Appalachian Herbal Infused Butters and Oils Appalachian locals have long had a reputation for being thrifty and industrious -- and for good reason. Although the region is home to a wide variety of native plants and wildlife, the rocky soil and unpredictable seasons can make farming and gardening challenging. Determined to stay, people in these mountains learned to make do with what they had. They truly lived off the land, using as many native herbs and plants as they could.
The most common deviled eggs that you find at most Southern Appalachian picnic tables is the classic, best portrayed by Betty Crocker, a source many Southern cooks still use today.
Just try to pick one! Kentucky might be most famous for three things: Daniel Boone, the Kentucky Derby and bourbon. We set out to find the best Kentucky bourbon restaurant in the state. Guess what? We couldn’t! There are simply too many high-quality establishments to choose one over the other.
Deviled eggs made into a Southern tradition Rarely will you encounter a Southern Appalachian family reunion, potluck, church function or family-style meal that doesn’t include deviled eggs. Alongside cornbread, pea salad and fried chicken, a plate of deviled eggs would be conspicuous in its absence. The dish is simple: freshly cut and seasoned hard-boiled eggs with yolks mixed with mayonnaise, mustard, salt, pepper and paprika, although it can contain any number of surprising ingredients.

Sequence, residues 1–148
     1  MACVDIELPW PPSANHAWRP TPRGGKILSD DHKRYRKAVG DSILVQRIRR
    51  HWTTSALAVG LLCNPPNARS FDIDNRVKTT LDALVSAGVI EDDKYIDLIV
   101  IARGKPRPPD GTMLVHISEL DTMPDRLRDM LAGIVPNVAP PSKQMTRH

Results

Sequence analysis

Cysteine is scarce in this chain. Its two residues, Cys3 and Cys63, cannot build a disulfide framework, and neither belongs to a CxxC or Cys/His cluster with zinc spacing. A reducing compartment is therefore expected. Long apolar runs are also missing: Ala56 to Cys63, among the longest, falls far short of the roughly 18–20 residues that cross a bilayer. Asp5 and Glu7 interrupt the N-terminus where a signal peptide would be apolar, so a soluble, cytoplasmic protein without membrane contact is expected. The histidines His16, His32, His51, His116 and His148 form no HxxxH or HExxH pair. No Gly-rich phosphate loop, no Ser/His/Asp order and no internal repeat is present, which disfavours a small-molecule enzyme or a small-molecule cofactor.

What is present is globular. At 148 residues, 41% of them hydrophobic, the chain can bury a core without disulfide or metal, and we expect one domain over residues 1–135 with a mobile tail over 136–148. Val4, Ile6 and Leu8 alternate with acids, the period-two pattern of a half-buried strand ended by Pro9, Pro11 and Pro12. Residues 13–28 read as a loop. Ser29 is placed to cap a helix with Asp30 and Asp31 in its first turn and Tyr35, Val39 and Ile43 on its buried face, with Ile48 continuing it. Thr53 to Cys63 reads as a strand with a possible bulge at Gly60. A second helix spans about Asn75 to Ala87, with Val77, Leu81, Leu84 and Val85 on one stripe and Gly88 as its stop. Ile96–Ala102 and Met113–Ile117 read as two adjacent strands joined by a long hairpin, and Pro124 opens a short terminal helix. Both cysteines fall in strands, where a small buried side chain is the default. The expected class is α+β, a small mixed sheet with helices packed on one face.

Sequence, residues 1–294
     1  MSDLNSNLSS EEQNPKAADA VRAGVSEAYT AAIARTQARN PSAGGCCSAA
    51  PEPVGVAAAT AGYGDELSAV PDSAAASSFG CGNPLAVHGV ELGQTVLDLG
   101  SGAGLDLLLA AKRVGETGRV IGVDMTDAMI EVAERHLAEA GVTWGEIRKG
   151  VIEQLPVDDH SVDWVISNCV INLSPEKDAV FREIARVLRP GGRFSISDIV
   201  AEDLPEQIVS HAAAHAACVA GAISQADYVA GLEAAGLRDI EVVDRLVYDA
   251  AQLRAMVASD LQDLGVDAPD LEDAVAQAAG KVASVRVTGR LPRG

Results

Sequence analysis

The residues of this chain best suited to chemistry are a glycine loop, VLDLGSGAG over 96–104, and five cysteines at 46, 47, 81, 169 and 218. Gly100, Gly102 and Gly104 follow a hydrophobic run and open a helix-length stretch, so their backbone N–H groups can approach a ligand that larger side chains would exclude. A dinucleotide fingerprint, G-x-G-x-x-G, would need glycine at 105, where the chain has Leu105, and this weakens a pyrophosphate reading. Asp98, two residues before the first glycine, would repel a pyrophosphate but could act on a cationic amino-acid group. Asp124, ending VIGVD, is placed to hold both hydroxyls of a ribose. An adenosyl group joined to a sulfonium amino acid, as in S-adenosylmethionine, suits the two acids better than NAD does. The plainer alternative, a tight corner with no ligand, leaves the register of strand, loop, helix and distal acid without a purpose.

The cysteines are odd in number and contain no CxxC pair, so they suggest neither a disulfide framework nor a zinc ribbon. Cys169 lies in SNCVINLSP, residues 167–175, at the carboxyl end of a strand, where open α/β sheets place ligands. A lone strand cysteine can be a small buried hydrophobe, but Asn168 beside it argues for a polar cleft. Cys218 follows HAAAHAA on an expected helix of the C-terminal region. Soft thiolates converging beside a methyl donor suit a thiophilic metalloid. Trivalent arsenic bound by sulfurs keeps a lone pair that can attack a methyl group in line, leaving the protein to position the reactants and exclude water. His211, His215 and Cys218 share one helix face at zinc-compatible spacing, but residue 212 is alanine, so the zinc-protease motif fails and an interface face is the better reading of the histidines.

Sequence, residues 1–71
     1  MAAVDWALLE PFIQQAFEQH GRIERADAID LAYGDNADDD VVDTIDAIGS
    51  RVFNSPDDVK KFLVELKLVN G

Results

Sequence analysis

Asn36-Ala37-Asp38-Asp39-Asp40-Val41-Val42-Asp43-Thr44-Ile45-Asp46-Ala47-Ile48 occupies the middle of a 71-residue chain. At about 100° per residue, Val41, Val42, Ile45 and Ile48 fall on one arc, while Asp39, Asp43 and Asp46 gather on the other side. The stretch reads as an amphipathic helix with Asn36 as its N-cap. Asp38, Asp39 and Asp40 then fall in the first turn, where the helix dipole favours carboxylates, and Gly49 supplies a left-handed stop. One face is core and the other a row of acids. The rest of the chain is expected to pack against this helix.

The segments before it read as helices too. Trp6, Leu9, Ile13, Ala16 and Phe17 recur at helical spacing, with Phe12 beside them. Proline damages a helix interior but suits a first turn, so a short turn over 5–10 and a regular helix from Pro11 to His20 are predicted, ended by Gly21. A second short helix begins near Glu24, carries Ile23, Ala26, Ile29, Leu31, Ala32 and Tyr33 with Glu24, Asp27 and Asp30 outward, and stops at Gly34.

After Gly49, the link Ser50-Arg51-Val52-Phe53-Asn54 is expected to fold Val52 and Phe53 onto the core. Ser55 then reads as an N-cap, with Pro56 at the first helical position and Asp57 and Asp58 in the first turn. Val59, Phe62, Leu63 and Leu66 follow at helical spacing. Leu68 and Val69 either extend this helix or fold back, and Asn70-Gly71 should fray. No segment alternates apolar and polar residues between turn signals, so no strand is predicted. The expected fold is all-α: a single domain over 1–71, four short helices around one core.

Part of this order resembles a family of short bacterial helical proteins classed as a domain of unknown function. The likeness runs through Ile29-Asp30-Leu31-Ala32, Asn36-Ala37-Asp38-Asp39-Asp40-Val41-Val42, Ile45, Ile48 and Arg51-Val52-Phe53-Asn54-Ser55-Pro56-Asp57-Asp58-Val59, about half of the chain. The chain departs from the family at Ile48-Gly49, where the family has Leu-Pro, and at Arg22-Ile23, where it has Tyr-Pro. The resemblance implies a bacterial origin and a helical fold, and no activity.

“Arsh potatoes” is what you might hear an old-timer in the Appalachians refer to when talking about Irish, or white, potatoes. Arsh potatoes are different from sweet potatoes, which also are quite fondly eaten in the Southern Appalachian Mountains.
Roots of Ancestry
Copper River Grill is fast becoming a staple on the restaurant scene running all over the mountains of northwestern South Carolina. Founded in 2005 in Seneca, SC, the eatery pegs itself as the “Last Frontier.” They use only super high-quality ingredients and provide a causal atmosphere and a menu with pretty reasonable prices.
Fun and excitement in a cultured setting This warmly accommodating homestead offers rest and refuge to travelers or a merry place for friends to rendezvous for a weekend. But it is also an exciting destination in its own right. Its many perks and special events have made the Mark Addy an unusually exciting place to lodge. Drawing on a rich tradition of hospitality that has been refined over generations, the inn goes several steps beyond simply elegant rooming.
Appalachian settlers either got their first taste of popcorn from their Native American neighbors or, more likely, they brought it with them from the east, where their ancestors first learned about the food from the first Indians they encountered on that long-ago first Thanksgiving.